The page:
Minimum alcohol pricing plan 'to be dropped'

Wine in a supermarket Scotland is still pressing ahead with minimum alcohol pricing

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The government is set to abandon plans for minimum alcohol pricing in England and Wales, it has emerged.

A Home Office consultation on minimum alcohol proposals, which had been backed by David Cameron, ended in February.

However retailers are likely to be banned from selling alcohol in very low "loss leader" deals,

It comes as the government said proposals for plain cigarette packaging would be put on hold.

An official announcement on alcohol policy is expected in the next few days.

It had been argued that minimum pricing would help cut levels of ill-health and alcohol-related crime, as well as preventing practices like "pre-loading", where people binge-drink before going out.

Legal challenge

Emily Robinson, director of campaigns at Alcohol Concern, criticised the move.

She said: "If the government bins minimum unit pricing it will be a dark day for public health and another sign that big business interests are more important to this government than the health of the nation.

Start Quote

If the government bins minimum unit pricing it will be a dark day for public health”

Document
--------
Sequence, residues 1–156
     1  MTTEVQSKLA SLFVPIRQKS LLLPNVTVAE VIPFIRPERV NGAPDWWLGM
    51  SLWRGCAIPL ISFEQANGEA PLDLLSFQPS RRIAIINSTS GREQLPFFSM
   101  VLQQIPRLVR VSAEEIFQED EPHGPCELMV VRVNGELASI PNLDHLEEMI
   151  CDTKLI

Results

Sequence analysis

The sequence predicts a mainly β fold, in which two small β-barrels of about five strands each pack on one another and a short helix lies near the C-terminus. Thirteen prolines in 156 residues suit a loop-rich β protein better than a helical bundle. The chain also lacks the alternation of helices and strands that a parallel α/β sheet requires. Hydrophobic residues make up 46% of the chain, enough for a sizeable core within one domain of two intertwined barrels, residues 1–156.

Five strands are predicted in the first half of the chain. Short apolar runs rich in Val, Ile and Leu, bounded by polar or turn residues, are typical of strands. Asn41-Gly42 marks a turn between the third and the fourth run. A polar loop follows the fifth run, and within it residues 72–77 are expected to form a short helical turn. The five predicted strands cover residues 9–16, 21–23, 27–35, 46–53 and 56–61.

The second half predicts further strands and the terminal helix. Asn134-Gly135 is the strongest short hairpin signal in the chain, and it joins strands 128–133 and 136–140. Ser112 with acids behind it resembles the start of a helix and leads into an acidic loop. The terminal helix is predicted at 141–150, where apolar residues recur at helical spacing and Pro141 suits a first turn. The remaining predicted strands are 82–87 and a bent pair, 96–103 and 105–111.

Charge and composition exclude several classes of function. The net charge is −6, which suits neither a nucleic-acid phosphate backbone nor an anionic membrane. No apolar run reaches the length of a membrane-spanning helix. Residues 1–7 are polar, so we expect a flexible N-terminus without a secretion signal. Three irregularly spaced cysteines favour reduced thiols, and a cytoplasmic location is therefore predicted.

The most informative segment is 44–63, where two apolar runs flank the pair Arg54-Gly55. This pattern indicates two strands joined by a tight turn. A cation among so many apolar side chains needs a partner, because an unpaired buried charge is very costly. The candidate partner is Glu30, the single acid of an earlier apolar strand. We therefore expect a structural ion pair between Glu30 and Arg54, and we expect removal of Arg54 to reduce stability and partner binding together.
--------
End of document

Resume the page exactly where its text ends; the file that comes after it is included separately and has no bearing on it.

End Quote Emily Robinson Alcohol Concern

"Alcohol misuse costs us all £21bn each year, our hospitals are straining under the burden of it and the police are stretched to their limits dealing with the problems caused by it."

She added: "The government says they only want to introduce legislation based on evidence and all the evidence shows minimum unit pricing saves lives and cuts crime."

But industry bodies had said there was little evidence reducing prices would cut problem drinking.

The Scottish government has said it is "fully committed" to bringing in minimum pricing.

MSPs at the Scottish Parliament passed legislation in May last year, setting a 50p unit price.

But a trade body, the Scottish Whisky Association, has opposed the move in the courts, saying it will breach European law.

An initial challenge failed, but the SWA is set to appeal - and no law will be implemented until legal proceedings are complete.

Scottish health secretary Alex Neil said: "The forthcoming UK decision - whether they decide to proceed or not - has no impact on the Scottish Government's approach to minimum pricing."

Northern Ireland is yet to put forward a specific proposal, although it is reviewing pricing.

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